Maria Corghi – As Venezuela is visibly deviating from a democratic path and is teetering on collapse due to the corruption and gross mismanagement at the hand of its government, President Donald Trump imposed financial sanctions on the country with the promise to inflict economic pain. President Trump signed an executive order on August 25 to restrict Venezuelan President Nicolas Maduro’s access to the U.S. economy. National Security Adviser H.R. McMaster described President Trump’s actions as a promise to strongly punish Maduro’s “illegitimate dictatorship.”
Treasury Secretary Steven Mnunchin explained that “Maduro may no longer take advantage of the American financial system to facilitate the wholesale looting of the Venezuelan economy at the expense of the Venezuelan people.” However, President Trump’s “financial” sanctions on Venezuela are, at most, facially diplomatic because they lack any meaningful financial effect on the American-Venezuelan economic ties.
President Trump’s executive order bars dealings in new bonds and stocks issued by the government and the state oil company, Petroleos de Venezuela. Although the sanctions restrict trading of Venezuelan bonds sold by the government in the American financial markets to raise money, the Trump administration stopped short of prohibiting important imports of Venezuelan oil to American refineries. Furthermore, the sanctions have wide loopholes, allowing for the financing of most commercial trade, including the export of American oil to Venezuela.
Although banning the trade bonds will have some effects, these would be marginal for a country in Venezuela’s situation. Venezuela does not have many bonds left after Goldman Sachs recently purchased most of them. With the current economic crisis in Venezuela, it follows that no new bonds will be issued either. Simply, people are not going to lend money into a system that has such high risk of default. The most meaningful tool that the United States has, if it wants to have any meaningful effect on Maduro’s regime, is an embargo of the oil trade.
White House Press Secretary, Sarah Huckabee Sanders, said that “[t]hese [sanctions] are carefully calibrated to deny the Maduro dictatorship a critical source of financing to maintain its illegitimate rule, protect the United States financial system from complicity in Venezuela’s corruption and in the impoverishment of the Venezuelan people, and allow for humanitarian assistance.” However, it is difficult to see a meaningful economic effect on Maduro’s authoritarian regime meanwhile the U.S. remains Venezuela’s largest oil importer. According to the Energy Information Administration, the United States bought 780,000 barrels per day of Venezuelan crude and refined products in 2017.  Although this amounts to roughly 8 percent of total imports by the United States, it amounts to at least half of Venezuela’s exports.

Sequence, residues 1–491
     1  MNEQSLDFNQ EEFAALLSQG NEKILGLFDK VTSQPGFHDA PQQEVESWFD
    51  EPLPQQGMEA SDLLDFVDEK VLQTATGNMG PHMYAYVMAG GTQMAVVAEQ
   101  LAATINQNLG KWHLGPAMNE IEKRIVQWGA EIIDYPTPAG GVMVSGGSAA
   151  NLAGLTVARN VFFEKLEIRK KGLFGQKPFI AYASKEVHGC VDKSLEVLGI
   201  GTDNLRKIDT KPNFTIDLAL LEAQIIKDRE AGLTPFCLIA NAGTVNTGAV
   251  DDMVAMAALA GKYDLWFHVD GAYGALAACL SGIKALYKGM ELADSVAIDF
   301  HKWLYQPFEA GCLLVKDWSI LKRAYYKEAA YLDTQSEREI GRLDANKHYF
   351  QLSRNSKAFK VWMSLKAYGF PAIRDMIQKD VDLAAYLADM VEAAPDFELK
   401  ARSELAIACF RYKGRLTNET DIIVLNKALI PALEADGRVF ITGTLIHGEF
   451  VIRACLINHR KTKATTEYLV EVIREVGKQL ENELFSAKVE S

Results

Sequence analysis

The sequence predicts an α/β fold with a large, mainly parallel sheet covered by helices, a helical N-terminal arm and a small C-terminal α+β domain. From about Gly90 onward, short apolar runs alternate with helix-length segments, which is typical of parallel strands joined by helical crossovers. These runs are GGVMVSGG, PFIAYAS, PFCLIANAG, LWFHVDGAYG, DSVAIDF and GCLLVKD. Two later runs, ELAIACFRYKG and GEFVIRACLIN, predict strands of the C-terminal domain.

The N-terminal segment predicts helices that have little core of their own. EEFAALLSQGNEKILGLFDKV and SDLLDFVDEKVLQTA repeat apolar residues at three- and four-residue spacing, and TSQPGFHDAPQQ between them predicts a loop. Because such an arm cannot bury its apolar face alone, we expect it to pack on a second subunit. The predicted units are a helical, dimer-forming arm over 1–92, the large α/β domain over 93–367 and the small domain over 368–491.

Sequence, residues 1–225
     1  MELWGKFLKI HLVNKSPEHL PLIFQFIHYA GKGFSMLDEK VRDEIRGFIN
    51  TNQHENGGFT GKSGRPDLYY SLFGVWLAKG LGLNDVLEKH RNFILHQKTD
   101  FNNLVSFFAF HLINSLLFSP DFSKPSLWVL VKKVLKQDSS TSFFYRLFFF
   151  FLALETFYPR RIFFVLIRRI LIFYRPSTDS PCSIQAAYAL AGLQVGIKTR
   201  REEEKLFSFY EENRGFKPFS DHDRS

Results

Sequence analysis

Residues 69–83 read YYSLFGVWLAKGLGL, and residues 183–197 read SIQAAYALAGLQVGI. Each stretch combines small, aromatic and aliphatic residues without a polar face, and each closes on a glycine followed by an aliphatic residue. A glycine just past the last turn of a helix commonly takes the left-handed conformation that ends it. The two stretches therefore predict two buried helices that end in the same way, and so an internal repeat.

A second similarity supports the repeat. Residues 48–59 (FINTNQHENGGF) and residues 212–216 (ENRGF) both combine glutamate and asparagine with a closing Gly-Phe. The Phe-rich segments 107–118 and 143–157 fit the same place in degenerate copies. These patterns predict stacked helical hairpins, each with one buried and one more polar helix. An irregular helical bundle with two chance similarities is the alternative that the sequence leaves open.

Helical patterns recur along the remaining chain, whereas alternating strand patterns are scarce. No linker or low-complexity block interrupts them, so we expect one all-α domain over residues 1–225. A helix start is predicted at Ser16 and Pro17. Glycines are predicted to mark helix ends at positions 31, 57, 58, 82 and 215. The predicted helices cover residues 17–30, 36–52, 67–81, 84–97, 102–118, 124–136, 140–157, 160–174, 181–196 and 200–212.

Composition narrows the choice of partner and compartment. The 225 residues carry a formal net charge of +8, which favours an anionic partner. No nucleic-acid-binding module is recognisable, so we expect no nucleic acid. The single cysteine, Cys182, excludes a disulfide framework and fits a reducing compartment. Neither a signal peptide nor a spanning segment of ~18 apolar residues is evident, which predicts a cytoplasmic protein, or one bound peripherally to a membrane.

Presumably, there are legitimate reasons for the Trump administration’s caution in regards to imposing sanctions in a country like Venezuela. Sanctions of this kind are a double-edged sword because the diplomatic success they bring comes at a price, and thus must be carefully calibrated. The two countries’ economies are tightly intertwined through the oil that Venezuela sells to the U.S, which accounts for roughly ten percent of the oil America imports. Potentially, the U.S. may suffer collateral damage if it imposes a complete prohibition on American oil. A trade embargo could raise fuel prices, cost jobs in the oil industry and dampen profits for several major refiners.
However, the Trump Administration vouched to avoid any complicity with an authoritarian regime, but the sanctions against Maduro and Venezuela are not a deathblow. They don’t particularly affect the most significant economic ties between the two countries given Venezuela’s already existing inability to borrow. If the Trump Administration seeks to meaningfully challenge an illegitimate and corrupt regime, it must be willing to cut all ties with it. The United States must weigh the potential collateral damage—which is naturally financial—that may be suffered domestically against the financing of human rights violations at the hands of a narco-dictatorship abroad.
 Anne Gearan & Anthony Faiola, Trump Tightens Venezuela’s Access to U.S. Financial System, Wash. Post (Aug. 25, 2017), https://www.washingtonpost.com/world/national-security/trump-administration-moves-to-restrict-venezuelan-access-to-us-financial-system/2017/08/25/18b22a5e-89ad-11e7-a50f-e0d4e6ec070a_story.html?utm_term=.8ee19505a1b8.
 Clifford Krauss, White House Raises Pressure on Venezuela With New Financial Sanctions, N.Y. Times (Aug. 25, 2017), https://www.nytimes.com/2017/08/25/world/americas/venezuela-sanctions-maduro-trump.html.
 Tim Worstall, U.S. Imposes More Sanctions on Venezuela – Politics, Yes, Little Economic Effect Expected, Forbes (Aug. 26, 2017, 11:57 AM), https://www.forbes.com/sites/timworstall/2017/08/26/us-imposes-more-sanctions-on-venezuela-politics-yes-little-economic-effect-expected/#108af49d7074.
 Krauss, supra note 5.
 Marianna Parraga & Matt Spetalnick, Exclusive: U.S. Weighs Financial Sanctions to Hit Venezuela’s Oil Revenue – Sources, Reuters (July 21, 2017, 8:36 PM), https://www.reuters.com/article/us-venezuela-sanctions/exclusive-u-s-weighs-financial-sanctions-to-hit-venezuelas-oil-revenue-sources-idUSKBN1A7013.
 Id.; Krauss, supra note 5.
 Clifford Krauss, Wider U.S. Sanctions on Venezuela Risk Biting Both Countries, N.Y. Times, July 27, 2017, https://www.nytimes.com/2017/07/27/business/venezuela-sanctions-oil-maduro-vote.html.